PCC 2012 P C C 22nd Postgraduate Combinatorial Conference 15th - 17th August 2012 University of Warwick Welcome Welcome to the Postgraduate Combinatorial Conference 2012 at the University of Warwick! The PCC has always been the best place for postgraduates in combinatorics to get to know one another. That’s why it’s great to see so many of you here representing universities from around the world. We’d also like to welcome our four excellent invited speakers (in order of appearance): Professor Andrew Thomason, Dr Stefanie Gerke and Dr Konrad Swanepoel. 1 General Information Registration Registration will be in the Mathematics Institute (Zeeman) building from about 10.00 on the first day of the conference. Check-in for those with accommodation is at Rootes Reception between 15.00 and 23.00 on your day of arrival. Rooms must be vacated by 09.30 on the day of departure. Luggage can be stored at Rootes Reception. Internet Access Internet access is available in your room. Remember to bring a network cable if you want to use this. Alternatively, you can buy one from Rootes Reception. If you have an eduroam account, you can use that while in the maths department. Meals 1. Breakfast (for those with accommodation) is served in Rootes Restaurant (apart from those staying in Radcliffe, who will get breakfast in Radcliffe Restaurant) 2. Lunches will be in the Undergraduate Common Room in the Mathematics Institute (Zeeman Building) 3. Dinner on Wednesday is in Radcliffe House from 18.00. 4. The barbecue on Thursday is in the Staff Common Room (Room 103 on the first floor) in the Department of Computer Science (next door to the maths department). Food will be served from 18.00, with drinks from 17.30. Local Organisers Konrad Dabrowski ˛ & Chris Purcell [email protected] [email protected] Acknowledgements We wish thank the London Mathematical Society, the British Combinatorics Committee and the University of Warwick for helping to reduce the costs of the conference. Also, we’d like to thank the admin staff at Warwick for their help. Particular thanks go to Yvonne Carty, without whose tireless help the conference would not have happened. 2 Wednesday 15th August 2012 10.00: Registration begins in the Mathematics Institute (Zeeman) building. Tea and coffee will be available. Invited Talk. Room MS.01 11.00: Andrew Thomason (Cambridge) Hypergraph Containers 12.00: Break. First Session. Room MS.01 (Chair: Robert Schumacher) 12.10: Aistis Atminas (Warwick) Well-quasi-ordering of Subquadratic Classes 12.35: Pierre Aboulker (LIAFA) 2-Clock-free Graphs 13.00: Lunch in Undergraduate Common Room (photo at 13:50) Second Session. Room MS.01 (Chair: Adam Bohn) 14.00: Liam Harris (Glamorgan) Theocracy on the Chessboard; Bishop Independence and Domination 14.25: Darryl Green (RHUL) Merging Secret Sharing Schemes 14.50: Andrei-Alin Popescu (UEA) Lassoing Rooted Phylogenetic Trees 15.15: Tea and Coffee Third Session. Room MS.01 (Chair: Andrew Collins) 15.45: Robert Powell (Durham) Skew Bisubmodularity and Valued CSPs 16.10: Robert Crowston (RHUL) Parameterized Study of the Test Cover Problem 16.35: Anne Hillebrand (Oxford) Reverse Radar and the K1 , K2 -model 17.00: Talks end 18.00: Dinner in Radcliffe House 3 Thursday 16th August 2012 Invited Talk. Room MS.01 09.30: Stefanie Gerke (RHUL) Random Graph Processes 10.30: Tea and Coffee First Session. Room MS.01 (Chair: Aistis Atminas) 11.00: Andrew McDowell (RHUL) Non-vertex Balanced Factors in Random Graphs 11.25: Fiona Skerman (Oxford) Row and Column Sums of Random 0-1 Matrices 11.50: Break. 12.00: Michał Przykucki (Cambridge) Maximum Percolation Time in Bootstrap Percolation 12.25: Annika Heckel (Oxford) Anomalous Behaviour of Biased Random Walks in Random Environments 12.50: Lunch in Undergraduate Common Room Second Session. Room MS.01 (Chair: Neville Ball) 13.50: Kerstin Weller (Oxford) Coloured Forests - A Partially Bridge-addable Class 14.15: Basile Morcrette (INRIA and LIP6) Exactly Solvable Pólya Urn Models via Analytic Combinatorics 14.40: Matthew Wells (Essex) On Sets with more Restricted Sums than Differences 15.05: Tea and Coffee Third Session. Room MS.01 (Chair: Anne Hillebrand) 15.35: Fiachra Knox (Birmingham) Embedding Spanning Bipartite Graphs of Small Bandwidth 16.00: Katherine Staden (Birmingham) Approximate Hamilton Decompositions of Robustly Expanding Digraphs 16.25: John Lapinskas (Birmingham) Optimal Packings of Hamilton Cycles in Graphs of High Minimum Degree 16.50: Talks end. 18.00: Barbecue in Department of Computer Science 4 Friday 17th August 2012 Invited Talk. Room MS.01 09.30: Konrad Swanepoel (LSE) Unit Vectors with Small Subset Sums in Normed Spaces 10.30: Tea and Coffee First Session. Room MS.01 (Chair: Fiona Skerman) 11.00: David Bevan (The Open University) Skinny Permutation Grid Classes 11.25: Stuart Hannah (Strathclyde) Quicksort and Permutation Patterns 11.50: Christopher Harden (Essex) Fixed-point Polynomials 12.15: Break. 12.25: Adam Bohn (QMUL) Imaginary Evaluations of the Chromatic Polynomial 12.50: Robert Schumacher (City University) Acyclic Orientations of Graphs 13.15: Lunch in Undergraduate Common Room 5 Wednesday 15th August 2012 Invited Talk: Hypergraph Containers Andrew Thomason University of Cambridge <email redacted for online version> (joint work with David Saxton) We develop a notion of containment for independent sets in hypergraphs. For every r-uniform hypergraph G, we find a relatively small collection C of vertex subsets, such that every independent set of G is contained within a member of C, and no member of C is large; the collection, which is in various respects optimal, reveals an underlying structure to the independent sets. The containers offer a straightforward and unified approach to many combinatorial questions concerned (usually implicitly) with independence. We hope to outline the construction of the containers and some of the applications. For example, with regard to colouring, many (including all simple) r-uniform hypergraphs of average degree d have list chromatic number at least (1/(r − 1)2 + o(1)) logr d. For r = 2 this improves Alon’s bound and is tight. In the context of extremal graph theory, for each `-uniform hypergraph H of order k, there is a collection C of `-uniform hypergraphs of order n each with o(nk ) copies of H, such that every H-free `-uniform hypergraph of order n is a subgraph of a hypergraph in C, and log |C| ≤ cn`−1/m(H) log n where m(H) is a standard parameter (there is a similar statement for induced subgraphs). This yields simple proofs of many hitherto difficult results: these include the number of H-free hypergraphs, sparsity theorems of ConlonGowers and Schacht, and the full KŁR conjecture. Likewise, for systems of linear equations the containers supply, for example, bounds on the number of solution-free sets (including Sidon sets) and the existence of solutions in sparse random subsets. Keywords: hypergraph, independent set, list colouring. 6 Contributed Talks: Well-quasi-ordering of Subquadratic Classes Aistis Atminas DIMAP and Mathematics Insitute, University of Warwick <email redacted for online version> (joint work with V. Lozin, I. Razgon) A hereditary graph property (or a class of graphs) X is subquadratic if there is a subquadratic function f (n) = o(n2 ) bounding the number of edges in all n-vertex graphs in X. We show that the presence of a large path in these classes implies the presence of a large induced path. We use this result to prove that any subquadratic property which is wellquasi-ordered by the induced subgraph relation is of bounded tree-width. This verifies (and even strengthens) for subquadratic properties a recent conjecture by Thomassé et al. stating that every hereditary class which is well-quasi-ordered by the induced subgraph relation is of bounded clique-width. Keywords: well-quasi-ordering, tree-width, clique-width. 7 2-Clock-free Graphs Pierre Aboulker LIAFA <email redacted for online version> (joint work with Zhentao Li, Stéphane Thomassé) A 2-clock is a graph formed by a chordless cycle C and a vertex not in C that is adjacent to exactly two vertices of C. We say that a graph is 2-clock-free if it does not contain a 2-clock as an induced subgraph. We prove that the class of 2-clock-free graphs is χbounded. We also prove that, if a graph G is 2-clock-free and has girth greater than 9, then it contains a vertex of degree 2. Keywords: χ-boundedness, induced subgraph, degeneracy. 8 Theocracy on the Chessboard; Bishop Independence and Domination Liam Harris University of Glamorgan <email redacted for online version> (joint work with S. Perkins, S. K. Jones, P. A. Roach) In chess, Bishop Independence concerns determining the maximum number of Bishops that can be placed on a board such that no Bishop can attack any other Bishop in a single move. Bishop Domination concerns the minimum number of Bishops that can be placed on a board such that every square on the board can be reached by at least one Bishop in a single move. This presentation explores the solutions to the Bishop Independence problem for all sizes of boards on the following topologies: the rectangle, the cylinder, the Möbius strip, the torus and the Klein bottle. Then the presentation will address the related problem of Bishop Domination and the use of both problems in combinatorics. Keywords: chess, bishop, domination, independence. 9 Merging Secret Sharing Schemes Darryl Green Royal Holloway, University of London <email redacted for online version> In this talk I will present the problem of merging two individual secret sharing schemes into a single new scheme. I will give a brief introduction to the general problem of secret sharing, followed by an overview of the merging problem. Finally, I will present a protocol designed to merge two threshold secret sharing schemes into a new scheme which distinguishes between members of the original groups. Keywords: secret sharing. 10 Lassoing Rooted Phylogenetic Trees Andrei-Alin Popescu School of Computing, University of East Anglia <email redacted for online version> (joint work with Dr. Katharina T. Huber) The construction of a dendrogram is a crucial step in many genome wide association studies which themselves are an important part of Computational Biology. Such structures are usually constructed from distance information on individuals using e.g. molecular sequence information. However even with modern sequencing techniques not all pairwise distances between individuals may be reliable. Thus it becomes important to reconstruct and understand such structures from partial distance information. From a formal point of view, a dendrogram is a rooted edge-weighted tree with no degree two interior vertices, except perhaps the root, and leaf set a pre-given set X such that the induced distance between the root and every leaf is the same. Such tree are sometimes called equidistant phylogenetic trees on X. Viewing partial distance information on X as a set of cords, that is, subsets of X of size two, the question becomes when a set of cords lassos, that is, uniquely determines such a tree. In this talk we first give a brief introduction into phylogenetic tree reconstruction and then present recent results concerning the above question. Keywords: phylogenetics, incomplete distances, lasso. 11 Skew Bisubmodularity and Valued CSPs Robert Powell Durham University <email redacted for online version> (joint work with Anna Huber and Andrei Krokhin) An instance of the finite Valued Constraint Satisfaction Problem (VCSP) is given by a finite set of variables, a finite domain of values, and a set of finite valued functions, where each function depends on a subset of the variables. The goal is to find an assignment of values to the variables that minimises the total sum of the functions. We study (assuming that PTIME , NP) how the complexity of this very general problem depends on the functions allowed in the instances. The case when the variables can take only two values was classified by Cohen et al., with submodular functions giving rise to the only tractable case. Any non-submodular function can be used to express, in a certain specific sense, the NP-hard Max Cut problem. We investigate the case when the variables can take three values. We identify a new infinite family of conditions, that includes bisubmodularity as a special case, which can collectively be called skew bisubmodularity. By a recent result of Thapper and Živný, this condition implies that the corresponding VCSP can be solved by linear programming. We prove that submodularity with respect to a total order and skew bisubmodularity give rise to the only tractable cases, and, in all other cases, Max Cut can be expressed. We also show that our characterisation of tractable cases is tight, that is, none of the conditions can be omitted. Thus, our results provide a new dichotomy theorem in constraint satisfaction research, and lead to a whole series of intriguing open problems in submodularity research. Keywords: valued constraint satisfaction, submodularity, bisubmodularity, tractability, fractional polymorphisms. 12 Parameterized Study of the Test Cover Problem Robert Crowston Royal Holloway, University of London <email redacted for online version> (joint work with Gregory Gutin, Mark Jones, Gabriele Muciaccia, Saket Saurabh and Anders Yeo) In the Test Cover problem, we are given a set V of vertices, and a collection E = {E1 , ..., Em } of distinct subsets of the vertices, called tests. We assume that E is a test cover, i.e., for each pair of vertices there is a test in E containing exactly one of these vertices. The objective is to find a minimum size subcollection of E, which is still a test cover. In parameterized versions of Test Cover, we are given (V, E), and a positive integer k. The objective is to decide whether there is a Test Cover of size at most p(k, |V|, |E|), where p(k, |V|, |E|) is the parameter. We aim to decide whether the problem is fixed-parameter tractable, that is, can be solved by algorithms of runtime f (k) · poly(|V|, |E|) where f (k) is a function of k only. In this talk, I will look at the complexity status of this problem for different natural choices of p(k, |V|, |E|): k, log |V| + k, |V| − k and |E| − k. Keywords: test cover, parameterized complexity. 13 Reverse Radar and the K1, K2-model Anne Hillebrand University of Oxford <email redacted for online version> (joint work with Colin McDiarmid and Alex Scott) In the reverse radar problem one tries to determine what platforms (ships) are out there, by looking at the radar pulses they emit. Thales has developed software to map pulses to radar types. Given a library of ships, each associated with a combination of radar types, and a multiset of radar types, each with a geographical location, is it possible to find out which ships are where? The K1 , K2 -model is a toy model, developed to explore some of the combinatorial properties of the reverse radar problem. Given a cycle Cn , let every node be a bearing along a viewing circle. Let each v ∈ V(Cn ) have a multiset of colours col(v) associated with it, such that every colour represents a radar type. Let I be a set of small coloured graphs, where each graph represents a ship. Can we find a family of coloured subgraphs H1 , H2 , . . . ∈ I such that for each v ∈ V(Cn ) ] colHi (v) = colG (v)? i:v∈V(Hi ) It will be shown that these embeddings of coloured subgraphs can be reduced to a matching in the separated graph C s . Moreover, it will be shown that C s has bounded treewidth and some algorithms to find matchings in graphs with bounded treewidth will be presented. Keywords: reverse radar, treewidth, matchings, factors, K1 , K2 -model. 14 Thursday 16th August 2012 Invited Talk: Random Graph Processes Stefanie Gerke Royal Holloway, University of London <email redacted for online version> The classical random graph process starts with the empty graph on n vertices and in each step adds an edge chosen uniformly at random from all non-edges. We consider variants of this process were we only add edges if certain additional requirements are satisfied. For example, we insist that the resulting graph is always triangle-free or planar. We will compare different processes and introduce methods how to investigate such processes. For example we show that with high probability at the end of the random planar process every fixed planar graph is a subgraph whereas in the triangle-process dense triangle-free subgraphs will not appear. 15 Contributed Talks: Non-vertex Balanced Factors in Random Graphs Andrew McDowell Royal Holloway, University of London <email redacted for online version> (joint work with Stefanie Gerke) For a fixed graph H, an H-factor of a graph G is a set of vertex disjoint copies of H, the union of which cover all the vertices of G. In 2008, Johansson, Kahn and Vu proved exact thresholds for G(n, p) to satisfy this property for strictly balanced H. We outline the key steps of a generalisation of their result that leads to an extension to non-vertex balanced H, and also to partitioned and directed forms of their result. Keywords: factors, random graphs, partitions, digraphs. 16 Row and Column Sums of Random 0-1 Matrices Fiona Skerman Oxford University <email redacted for online version> (joint work with Brendan McKay) Construct a random m × n matrix by independently setting each entry to 1 with probability p and to 0 otherwise. We study the joint distribution of the row sums s = (s1 , . . . , sm ) and column sums t = (t1 , . . . , tn ). Clearly s and t have the same sum, but otherwise their dependencies are complicated. We prove that under certain conditions the distribution of (s, t) is accurately modelled by (S 1 , . . . , S m , T 1 , . . . , T n ), where each S j has the binomial distribution Binom(n, p0 ), each T k has the binomial distribution Binom(m, p0 ), p0 is drawn from a truncated normal distribution, and S 1 , . . . , S m , T 1 , . . . , T n are independent apart P P from satisfying mj=1 S j = nk=1 T k . We also consider the case of random 0-1 matrices where only the number of 1s is specified, and also the distribution of s when t is specified. In the seminar I will include details of some bounding arguments used in the proof. These results can also be expressed in the language of random bipartite graphs, group allocation by complexes and coupon collection. Keywords: random graphs, random binary matrices, degree sequences, group allocation by complexes, coupon collection. 17 Maximum Percolation Time in Bootstrap Percolation Michał Przykucki University of Cambridge <email redacted for online version> (joint work with Fabricio Benevides) Bootstrap percolation is one of the simplest cellular automata. In r-neighbour bootstrap percolation on a graph G an infection spreads according to the following deterministic rule: infected vertices of G remain infected forever and in consecutive rounds healthy vertices with at least r already infected neighbours become infected. Percolation occurs if eventually every vertex is infected. In this talk we focus on extremal problems in 2-neighbour bootstrap percolation and present our recent results about the maximum time this process can take to percolate in the n × n square grid and in the n-dimensional hypercube graph. Keywords: cellular automata, bootstrap percolation, maximum time. 18 Anomalous Behaviour of Biased Random Walks in Random Environments Annika Heckel University of Oxford <email redacted for online version> Imagine a small particle, driven for example by Brownian motion, moving randomly through an inhomogeneous medium with randomly open and blocked passageways. A common model for the inhomogeneous medium is a percolation cluster and the movements of the particle are modelled with a discrete time random walk. The particle also has a preferred direction or bias, for example through gravity or an external electrical field, that it is more likely to move in if it has the chance. In this kind of scenario, the asymptotic speed of the random walk often shows an anomalous behaviour: If there is a small, but existing bias, there is a positive speed. However, if the bias is very large, the asymptotic speed is 0. This is due to traps in the inhomogeneous medium that the random walk spends a long time in if the bias is large. In this talk, this behaviour will be investigated for finite percolation cluster traps attached to an infinite line. The asymptotic speed and critical values for the bias parameter will be discussed, and a generalisation to different types of traps to an infinite line will be given. Keywords: Biased random walks, random walks in random environments, percolation. 19 Coloured Forests - a Partially Bridge-addable Class Kerstin Weller University of Oxford <email redacted for online version> (joint work with M. Bousquet-Mélou and C. McDiarmid) A class A of graphs is called bridge-addable if for all graphs G ∈ A and for each pair u and v of vertices in different components of G the graph G ∪ uv is also in A. In 2005 McDiarmid et al. proved that for every non-empty brigde-addable class of graphs A the number of components of a ‘typical’ graph on n vertices, that is a graph taken uniformely at random from all graphs ∈ A on n vertices, is asymptotically stochastically dominated by a Poisson law. However, it is not known what happens if we relax the assumption and look at classes of graphs where many but not all of the possible bridges are allowed to be inserted. In this talk, I discuss one of the examples that we studied recently using tools from Analytic Combinatorics as well as from combinatorics. 20 Exactly Solvable Pólya Urn Models via Analytic Combinatorics Basile Morcrette INRIA Paris-Rocquencourt LIP6, University of Paris 6 <email redacted for online version> (joint work with Hosam M. Mahmoud) In this talk, we will show how the Analytic Combinatorics developed by Flajolet applies to a simple probabilistic system: Pólya urns. A Pólya urn is a very simple dynamical system, where a box with balls of two colors evolves step by step with regards to some deterministic rules. Since 2006, the study of those models has been possible through generating functions and complex analysis. A powerful link exists between the rules of evolution of the urn and some differential system satisfied by the generating function. This can be extended to more general urn models where the evolution is dictated by random variables. When the differential system is solvable, it provides directly, in an automatic way,an exact formula for the distribution of the balls. Keywords: Pólya urn, analytic combinatorics, random structure, combinatorial probability, differential equations. 21 On Sets with more Restricted Sums than Differences Matthew Wells The University of Essex <email redacted for online version> (joint work with Dr. David Penman) Given a set A of integers, we define its restricted sumset A+̂A to be the set of sums of two distinct elements of A and its difference set A − A to be the set of differences of two elements of A. We say A is an MRSTD set if |A+̂A| > |A − A|. Though intuition suggests that such sets should be rare, we present various constructions of such sets, prove that a positive proportion of subsets of {0, 1, . . . n − 1} are MRSTD sets, and some related results and commentary. Keywords: restricted sumset, sumset, difference set, more restricted sums than differences set. 22 Embedding Spanning Bipartite Graphs of Small Bandwidth Fiachra Knox University of Birmingham <email redacted for online version> (joint work with Andrew Treglown) A graph H on n vertices is said to have bandwidth at most b, if there exists a labelling of the vertices of H by the numbers 1, . . . , n such that for every edge i j ∈ E(H) we have |i− j| ≤ b. A theorem of Böttcher, Schacht and Taraz [1] gives a condition on the minimum degree of a graph G on n vertices that ensures G contains every r-chromatic graph on n vertices of bounded degree and of bandwidth o(n), thereby proving a conjecture of Bollobás and Komlós [2]. In this talk I will discuss a strengthening of this theorem in the case when H is a bipartite graph. A key definition is the notion of ‘robust expansion’. Roughly speaking, a graph G on n vertices is a robust expander if, for every ‘reasonably sized’ set S ⊆ V(G), G contains at least |S | + Ω(n) vertices that are adjacent to ‘many’ vertices in S . The main result I will present in this talk is the following: Given ∆ ∈ N and a positive constant η > 0, there exist constants β > 0 and n0 ∈ N such that the following holds. Suppose that H is a bipartite graph on n ≥ n0 vertices with ∆(H) ≤ ∆ and bandwidth at most βn. Let G be a graph on n vertices with δ(G) ≥ ηn which is a robust expander. Then G contains a copy of H. In fact, there are examples of graphs G that satisfy the hypothesis of this theorem and whose maximum degree is small. As corollaries we obtain a similar result for graphs G which satisfy a degree sequence condition and an Ore-type result. All of these results are best possible for many graphs H. References [1] J. Böttcher, M. Schacht and A. Taraz, Proof of the bandwidth conjecture of Bollobás and Komlós, Math. Ann. 343 (2009), 175–205. [2] J. Komlós, The Blow-up Lemma, Combin. Probab. Comput. 8 (1999), 161–176. Keywords: embedding, bandwidth, robust expansion, degree sequence, Ore. 23 Approximate Hamilton Decompositions of Robustly Expanding Digraphs Katherine Staden University of Birmingham <email redacted for online version> (joint work with Deryk Osthus) We show that every sufficiently large r-regular digraph G which has linear degree and is a robust outexpander has an approximate decomposition into edge-disjoint Hamilton cycles, i.e. G contains a set of r − o(r) edge-disjoint Hamilton cycles. Here G is a robust outexpander if for every set S which is not too small and not too large, the ‘robust’ outneighbourhood of S is a little larger than S . This generalises a result of Kühn, Osthus and Treglown on approximate Hamilton decompositions of dense regular oriented graphs. It also generalises a result of Frieze and Krivelevich on approximate Hamilton decompositions of quasirandom (di)graphs. In turn, our result is used as a tool by Kühn and Osthus to prove that any sufficiently large r-regular digraph G which has linear degree and is a robust outexpander even has a Hamilton decomposition. Keywords: Hamilton cycles, digraphs, regularity lemma, robust expanders. 24 Optimal Packings of Hamilton Cycles in Graphs of High Minimum Degree John Lapinskas University of Birmingham <email redacted for online version> (joint work with Daniela Kühn and Deryk Osthus) We study the number of edge-disjoint Hamilton cycles one can guarantee in a sufficiently large graph G on n vertices with minimum degree δ = (1/2 + α)n. For any constant α > 0, we give an optimal answer in the following sense: let regeven (n, δ) denote the degree of the largest even-regular spanning subgraph one can guarantee in a graph G on n vertices with minimum degree δ. Then the number of edge-disjoint Hamilton cycles we find equals regeven (n, δ)/2. The value of regeven (n, δ) is known for infinitely many values of n and δ. We also extend our results to graphs G of minimum degree δ ≥ n/2, unless G is close to the extremal constructions for Dirac’s theorem. Our proof relies on a recent and very general result of Kühn and Osthus on Hamilton decomposition of robustly expanding regular graphs. Keywords: Hamilton cycles, extremal problems, covering and packing. 25 Friday 17th August 2012 Invited Talk: Unit Vectors with Small Subset Sums in Normed Spaces Konrad Swanepoel London School of Economics and Political Science <email redacted for online version> We consider a circle of problems of which the following questions are representative: How many unit vectors can be found in a d-dimensional normed space such that the sum of any k of the vectors have norm at most 1? How many if we assume in addition that the unit vectors sum to o? We present upper bounds valid for all normed spaces of dimension d. Some of these bounds are sharp, but many open questions remain. We hope to demonstrate some of the tools from graph colourings, linear algebra and convexity that we apply. The origin of this problem lies in the study of singularities (also called Steiner points) in geometric shortest networks in normed spaces. 26 Contributed Talks: Skinny Permutation Grid Classes David Bevan The Open University <email redacted for online version> A (monotone) grid class of permutations Grid(M) is defined by a 0/±1 matrix M which specifies the shape that permutations in the class must have when plotted. Entries in the matrix correspond to rectangular cells in griddings of the permutations in the class. If an entry in the matrix is 1 or −1, any points in the corresponding cell must form an increasing or decreasing sequence respectively; if an entry is 0, the corresponding cell must be empty. • • • • • • • • A gridding of permutation 67285413 in Grid 1 −1 0 0 −1 1 As an initial step in attempting to enumerate permutation grid classes and understand something of their structural properties, we consider skinny (k×1) grid classes. Permutations in a particular skinny grid class consist of some specific sequence of (possibly empty) ascending and descending sequences of values. We present a method for determining the ordinary generating function for any specified skinny grid class, and discuss the issues that need to be addressed in extending the work to arbitrary grid classes. Keywords: permutation, permutation class, generating function. 27 Quicksort and Permutation Patterns Stuart Hannah University Of Strathclyde <email redacted for online version> An occurrence of a permutation pattern is a sub-permutation contained within a permutation with restrictions made on the relative order or position of its elements. The subject of permutation patterns was popularized by Donald Knuth who considered the classification of permutations that could be sorted in a single pass through a stack. In this talk we will present an analysis of quicksort with respect to underlying permutation patterns on the permutation sorted. Keywords: quicksort, permutations, permutation patterns. 28 Fixed-point Polynomials Christopher Harden The University of Essex <email redacted for online version> (joint work with Dr David B. Penman) The fixed point polynomial of a finite permutation group G acting on a set Ω of order P n is defined by PG (x) = ni=0 fi xi where fi is the number of elements of G which fix exactly i elements of Ω. In this talk, we will calculate the fixed point polynomials for a variety of examples, note some general theorems about polynomials which often give partial information about where the roots of these polynomials are, and discuss some observations we have made about the whereabouts of roots of the polynomials for various families. Keywords: group theory, permutation groups, fix, fixed points. 29 Imaginary Evaluations of the Chromatic Polynomial Adam Bohn Queen Mary, University of London <email redacted for online version> (joint work with Bill Jackson) The chromatic polynomial PG (q) of a graph G counts the number of proper q-colourings of the vertices of G, and a zero of PG (q) is known as a chromatic root of G. Much is known about the distribution of chromatic roots in the real line and complex plane, however the question of which specific algebraic integers are chromatic roots of graphs is still very much open. In particular, it is not even known if there are any purely imaginary chromatic roots. Bill Jackson has recently shown that no series-parallel graph has a purely imaginary chromatic root, and we believe that this result can be extended to all graphs. Moreover, given some graph G, there is some evidence that there may exist a pleasing combinatorial interpretation for the squared absolute value of PG (i). If this is true, then the correct interpretation is likely to be closely linked to Stanley’s famous discovery that the number of acyclic orientations of G is given by the absolute value of PG (−1), and it might be possible to generalise it analogously to arbitrary integer multiples of i. This is still very much work in progress, however I will briefly discuss our conjectures and the evidence we have obtained in support of them, including a simple proof of an interpretation for complete (and empty) graphs using results on Jacobi-Stirling numbers recently obtained by Gelineau and Zeng. Keywords: chromatic polynomial, chromatic roots, acyclic orientations, roots of unity. 30 Acyclic Orientations of Graphs Robert Schumacher City University <email redacted for online version> An acyclic orientation of a graph G is obtained by taking an undirected graph and assigning a direction to each edge of the graph without creating any directed cycles. This is always possible for any graph. I am interested in how many ways this is possible for any given graph. Let a(G) be the number of acyclic orientations of G. I want to be able to efficiently approximate a(G). It is known that a(G) is the evaluation of a polynomial related to the chromatic polynomial of a graph at −1, but computing the chromatic polynomial is hard work (# P hard) in itself. A new factor method of counting acyclic orientations of a graph is presented. In this method one looks at the contribution of each edge to the total number of acyclic orientations. In some cases local information is enough to determine the exact contribution. Calculation can thus be simplified, and it may also be possible to approximate the factors efficiently, which would give and efficient approximation of a(G). Keywords: directed graphs, acyclic orientations, approximation. 31 List of Participants Pierre Aboulker Ebrahim Ardeshir Aistis Atminas Neville Ball David Bevan Adam Bohn Andrew Collins Robert Crowston Konrad Dabrowski ˛ Stefanie Gerke Darryl Green Stuart Hannah Christopher Harden Liam Harris Annika Heckel Anne Hillebrand Fiachra Knox John Lapinskas Andrew McDowell Basile Morcrette Andrei Popescu Rob Powell Michał Przykucki Chris Purcell Robert Schumacher Fiona Skerman Katherine Staden Ana Stojanovic Konrad Swanepoel Andrew Thomason Kerstin Weller Matthew Wells Universite Paris Diderot University of Warwick University of Warwick QMUL The Open University QMUL University of Warwick RHUL University of Warwick RHUL RHUL University of Strathclyde University of Essex University Of Glamorgan University of Oxford University of Oxford University of Birmingham University of Birmingham RHUL LIP6, INRIA, Paris University of East Anglia Durham University University of Cambridge University of Warwick City University Oxford University University of Birmingham RHUL LSE University of Cambridge University of Oxford The University of Essex 32 <email redacted for online version> <email redacted for online version> <email redacted for online version> <email redacted for online version> <email redacted for online version> <email redacted for online version> <email redacted for online version> <email redacted for online version> <email redacted for online version> <email redacted for online version> <email redacted for online version> <email redacted for online version> <email redacted for online version> <email redacted for online version> <email redacted for online version> <email redacted for online version> <email redacted for online version> <email redacted for online version> <email redacted for online version> <email redacted for online version> <email redacted for online version> <email redacted for online version> <email redacted for online version> <email redacted for online version> <email redacted for online version> <email redacted for online version> <email redacted for online version> <email redacted for online version> <email redacted for online version> <email redacted for online version> <email redacted for online version> <email redacted for online version> Lunch Second Session (chair: Bohn) Harris Green Popescu Tea & Coffee Third Session (chair: Collins) Powell Crowston Hillebrand Dinner First Session (chair: Schumacher) Atminas Aboulker Tea & Coffee Thomason Wednesday Swanepoel Tea & Coffee First Session (chair: Skerman) Bevan Hannah Harden Bohn Schumacher Lunch Gerke Tea & Coffee Przykucki Heckel Lunch Second Session (chair: Ball) Weller Morcrette Wells Tea & Coffee Third Session (chair: Hillebrand) Knox Staden Lapinskas Barbecue First Session (chair: Atminas) McDowell Skerman Friday Thursday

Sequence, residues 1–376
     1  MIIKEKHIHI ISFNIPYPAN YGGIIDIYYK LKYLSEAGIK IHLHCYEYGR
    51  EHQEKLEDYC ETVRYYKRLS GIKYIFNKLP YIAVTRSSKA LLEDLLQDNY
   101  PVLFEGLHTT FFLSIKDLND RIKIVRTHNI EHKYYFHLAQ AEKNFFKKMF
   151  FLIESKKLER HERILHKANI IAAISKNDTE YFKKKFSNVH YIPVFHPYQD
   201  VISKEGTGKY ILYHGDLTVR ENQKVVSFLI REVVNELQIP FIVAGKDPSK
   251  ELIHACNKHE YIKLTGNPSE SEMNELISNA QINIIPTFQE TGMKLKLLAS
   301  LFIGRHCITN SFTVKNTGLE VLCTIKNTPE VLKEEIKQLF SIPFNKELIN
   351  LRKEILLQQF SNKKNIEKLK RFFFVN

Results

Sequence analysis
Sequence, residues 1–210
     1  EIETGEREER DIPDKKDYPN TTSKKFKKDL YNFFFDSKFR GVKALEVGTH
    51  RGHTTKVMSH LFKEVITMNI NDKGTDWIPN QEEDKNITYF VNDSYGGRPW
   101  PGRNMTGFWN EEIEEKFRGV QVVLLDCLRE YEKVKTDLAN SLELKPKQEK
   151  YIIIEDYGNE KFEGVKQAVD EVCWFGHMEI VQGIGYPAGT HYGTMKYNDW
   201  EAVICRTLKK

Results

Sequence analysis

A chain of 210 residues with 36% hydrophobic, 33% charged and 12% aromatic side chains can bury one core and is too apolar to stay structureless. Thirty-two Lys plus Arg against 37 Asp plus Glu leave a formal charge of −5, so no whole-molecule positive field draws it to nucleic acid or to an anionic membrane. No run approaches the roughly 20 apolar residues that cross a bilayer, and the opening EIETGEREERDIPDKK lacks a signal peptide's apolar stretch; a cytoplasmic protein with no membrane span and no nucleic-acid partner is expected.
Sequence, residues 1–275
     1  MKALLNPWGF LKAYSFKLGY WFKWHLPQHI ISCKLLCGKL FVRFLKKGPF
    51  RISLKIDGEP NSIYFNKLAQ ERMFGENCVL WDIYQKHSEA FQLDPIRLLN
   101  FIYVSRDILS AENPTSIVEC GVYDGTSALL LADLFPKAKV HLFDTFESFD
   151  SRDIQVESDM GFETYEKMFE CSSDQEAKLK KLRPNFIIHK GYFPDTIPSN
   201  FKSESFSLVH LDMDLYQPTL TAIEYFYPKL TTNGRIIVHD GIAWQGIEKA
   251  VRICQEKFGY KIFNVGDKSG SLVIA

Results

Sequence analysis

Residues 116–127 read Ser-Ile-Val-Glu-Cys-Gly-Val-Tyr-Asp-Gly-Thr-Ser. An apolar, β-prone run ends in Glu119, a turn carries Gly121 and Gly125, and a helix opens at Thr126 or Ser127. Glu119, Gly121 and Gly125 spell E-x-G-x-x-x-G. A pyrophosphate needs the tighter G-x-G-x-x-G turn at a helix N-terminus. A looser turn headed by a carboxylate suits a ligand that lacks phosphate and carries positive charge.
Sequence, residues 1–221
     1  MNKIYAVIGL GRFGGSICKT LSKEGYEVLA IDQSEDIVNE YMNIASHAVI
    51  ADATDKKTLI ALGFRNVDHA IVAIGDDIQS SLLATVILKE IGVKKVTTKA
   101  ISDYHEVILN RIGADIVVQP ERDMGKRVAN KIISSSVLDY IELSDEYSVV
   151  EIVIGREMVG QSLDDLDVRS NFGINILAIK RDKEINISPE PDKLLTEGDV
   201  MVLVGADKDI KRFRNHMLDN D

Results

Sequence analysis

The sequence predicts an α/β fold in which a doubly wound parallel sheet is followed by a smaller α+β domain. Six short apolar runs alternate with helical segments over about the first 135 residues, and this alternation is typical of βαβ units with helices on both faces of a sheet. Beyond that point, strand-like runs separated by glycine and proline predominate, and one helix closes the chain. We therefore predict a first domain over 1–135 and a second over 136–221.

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# PCC 2012 P C 22nd Postgraduate Combinatorial Conference